That is pretty cool?
Yeah, it had an impact in a cave 1,500 miles away.
If it were solid earth all the way, I doubt that it would have had such an impact. However, if there are tunnel systems and cavern worlds all the way, then it's a diffferent story; little resistence.
I find this topic especially interesting. Note how this cave / hole has "never" had its bottom explored:
Devils Hole branches into caverns at least 130 m (430 ft) deep, whose bottom has never been mapped.
Very interesting read: Devils Hole - Wikipedia
Here's the location of the two points on the map, note the connective yellow line is roughly 1,394 miles (2,243 km):
Location of Hawthorne, NV in relation to Devil's Hole (190 miles on the yellow line):
I find the topic particularly interesting since it seems extremely likely, that most of California and on into Nevada sits on a SHELF. Recall our previous discussions about the Navy's submarine base under the Nevada desert at Hawthorne, NV. (Search: Search results for 'Hawthorne order:latest' - MindReach)
Devils Hole is a geothermal pool within a limestone cavern in the Amargosa Desert in the Amargosa Valley of Nevada, east over the Amargosa Range and Funeral Mountains from Death Valley. It is at an elevation of 730 m (2,400 ft) above sea level and the water is a constant temperature of 33 °C (91 °F). The surface area of Devils Hole is about 22 m long by 3.5 m wide (72 ft long by 11.5 ft wide). Approximately 0.3 m (0.98 ft) deep on one end of Devils Hole is a small rock shelf of 3.5 by 5 m (11 by 16 ft). The dissolved oxygen of the water is 2.5–3.0 ppm up to around 22 m (72 ft) in depth, though the shallow shelf can have dissolved oxygen levels as high as 6.0–7.0 ppm in June and July.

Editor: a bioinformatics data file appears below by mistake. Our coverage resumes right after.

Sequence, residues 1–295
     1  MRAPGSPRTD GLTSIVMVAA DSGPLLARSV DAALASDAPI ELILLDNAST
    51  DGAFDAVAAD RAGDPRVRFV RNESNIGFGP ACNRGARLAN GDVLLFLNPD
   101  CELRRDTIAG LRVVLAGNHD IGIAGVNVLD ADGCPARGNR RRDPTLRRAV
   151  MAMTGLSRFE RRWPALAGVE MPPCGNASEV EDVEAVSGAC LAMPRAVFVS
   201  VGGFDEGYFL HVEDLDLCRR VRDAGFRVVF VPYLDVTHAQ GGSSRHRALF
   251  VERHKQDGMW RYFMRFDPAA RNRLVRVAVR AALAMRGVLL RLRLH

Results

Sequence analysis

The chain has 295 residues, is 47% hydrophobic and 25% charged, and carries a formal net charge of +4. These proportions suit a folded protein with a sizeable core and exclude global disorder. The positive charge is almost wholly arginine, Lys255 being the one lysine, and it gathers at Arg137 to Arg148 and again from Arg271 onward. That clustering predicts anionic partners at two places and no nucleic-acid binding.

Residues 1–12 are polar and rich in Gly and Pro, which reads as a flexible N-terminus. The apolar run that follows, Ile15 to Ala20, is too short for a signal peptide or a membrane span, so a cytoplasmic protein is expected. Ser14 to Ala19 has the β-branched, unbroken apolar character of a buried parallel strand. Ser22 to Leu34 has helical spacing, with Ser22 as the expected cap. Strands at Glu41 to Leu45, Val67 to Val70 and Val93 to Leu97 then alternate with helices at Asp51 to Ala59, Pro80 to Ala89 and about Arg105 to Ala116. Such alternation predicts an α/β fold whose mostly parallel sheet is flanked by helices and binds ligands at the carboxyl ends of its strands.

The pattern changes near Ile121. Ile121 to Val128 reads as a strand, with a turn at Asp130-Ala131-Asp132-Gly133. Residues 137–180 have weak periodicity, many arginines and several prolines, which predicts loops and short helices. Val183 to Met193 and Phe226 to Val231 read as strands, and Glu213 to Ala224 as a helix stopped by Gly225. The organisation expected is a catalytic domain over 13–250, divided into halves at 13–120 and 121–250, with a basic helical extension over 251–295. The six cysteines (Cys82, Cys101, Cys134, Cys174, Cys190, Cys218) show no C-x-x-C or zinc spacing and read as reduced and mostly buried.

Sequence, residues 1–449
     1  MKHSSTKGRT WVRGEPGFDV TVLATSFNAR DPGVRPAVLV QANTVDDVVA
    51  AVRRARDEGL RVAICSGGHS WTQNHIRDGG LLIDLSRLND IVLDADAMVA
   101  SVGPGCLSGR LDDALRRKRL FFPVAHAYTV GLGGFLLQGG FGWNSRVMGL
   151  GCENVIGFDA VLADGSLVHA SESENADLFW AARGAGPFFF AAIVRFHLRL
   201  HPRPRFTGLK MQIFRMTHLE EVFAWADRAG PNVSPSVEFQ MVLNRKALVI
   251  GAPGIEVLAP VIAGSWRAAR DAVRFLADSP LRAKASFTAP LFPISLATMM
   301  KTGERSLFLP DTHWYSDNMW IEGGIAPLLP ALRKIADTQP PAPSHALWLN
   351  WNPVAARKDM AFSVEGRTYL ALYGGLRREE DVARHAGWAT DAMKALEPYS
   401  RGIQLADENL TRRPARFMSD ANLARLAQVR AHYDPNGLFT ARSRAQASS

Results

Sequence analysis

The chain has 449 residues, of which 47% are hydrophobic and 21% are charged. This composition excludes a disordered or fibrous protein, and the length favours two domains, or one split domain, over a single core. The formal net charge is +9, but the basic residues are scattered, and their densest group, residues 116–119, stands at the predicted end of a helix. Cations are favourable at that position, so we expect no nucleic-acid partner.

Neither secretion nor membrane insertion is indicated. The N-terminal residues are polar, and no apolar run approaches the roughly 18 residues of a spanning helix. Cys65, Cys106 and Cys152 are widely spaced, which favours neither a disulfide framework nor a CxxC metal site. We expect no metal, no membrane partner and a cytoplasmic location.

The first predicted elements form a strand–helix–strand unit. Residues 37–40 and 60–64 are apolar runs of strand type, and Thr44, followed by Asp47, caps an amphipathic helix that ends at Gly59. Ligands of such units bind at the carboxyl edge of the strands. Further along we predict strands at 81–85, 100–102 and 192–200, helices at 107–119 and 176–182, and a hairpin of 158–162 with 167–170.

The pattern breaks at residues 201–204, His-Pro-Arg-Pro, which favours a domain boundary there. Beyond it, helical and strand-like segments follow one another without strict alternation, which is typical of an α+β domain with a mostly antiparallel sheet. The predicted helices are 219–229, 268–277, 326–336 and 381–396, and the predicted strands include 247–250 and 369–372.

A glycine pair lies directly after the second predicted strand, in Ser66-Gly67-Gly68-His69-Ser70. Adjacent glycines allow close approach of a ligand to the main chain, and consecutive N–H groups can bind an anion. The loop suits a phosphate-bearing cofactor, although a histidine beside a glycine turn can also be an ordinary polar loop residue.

A viewing platform overlooks the hole.
Devils Hole branches into caverns at least 130 m (430 ft) deep, whose bottom has never been mapped. According to geologists, the caves were formed over 500,000 years ago. The pool has frequently experienced activity due to far away earthquakes in Japan, Indonesia, Mexico, and Chile, which have been likened to extremely small scale tsunamis.
Below the surface pool, Devils Hole descends approximately 160 feet (49 m) through what is termed the "main chamber" before reaching a narrow opening referred to as the 'funnel'. Through this opening lies a much larger chamber of the cavern system known as Acree's Chasm. Acree's Chasm is approximately 300 feet (91 m) in length, 40 feet (12 m) in width, and has a bottom approximately 260 feet (79 m) below the surface.
Immediately after passing the funnel into Acree's Chamber, a narrow side tube can be found to a diver's left. This side tube proceeds approximately 90 feet (27 m) upward to a chamber with an air pocket, named Brown's Room. The tube leading to Brown's Room has at least 2 offshoots, the higher of which leads to a dead-end filled with a small air pocket, and the lower of which confluences with additional tubes descending from Brown's Room. If the diver instead descends through Acree's Chamber, the first notable landmark is a rocky shelf termed the 'lower ledge,' around 100 feet (30 m) below the entrance to the chamber. The bottom of Acree's Chamber lies around 260 feet (79 m) below the surface, but is not flat. Instead, a portion of the chamber floor descends below this lower shelf; a gradual funnel leads to a hole in the bottom of the chamber featuring a strong current. The hole, later termed the ojo de agua, is 315 feet (96 m) below the surface and just large enough for a diver with equipment to fit through.
In 1965, a teenager who jumped the fence with friends to go SCUBA diving the hole did not come back up. Another went down to find him but did not come back up either. Efforts by five divers to later find their bodies were unsuccessful.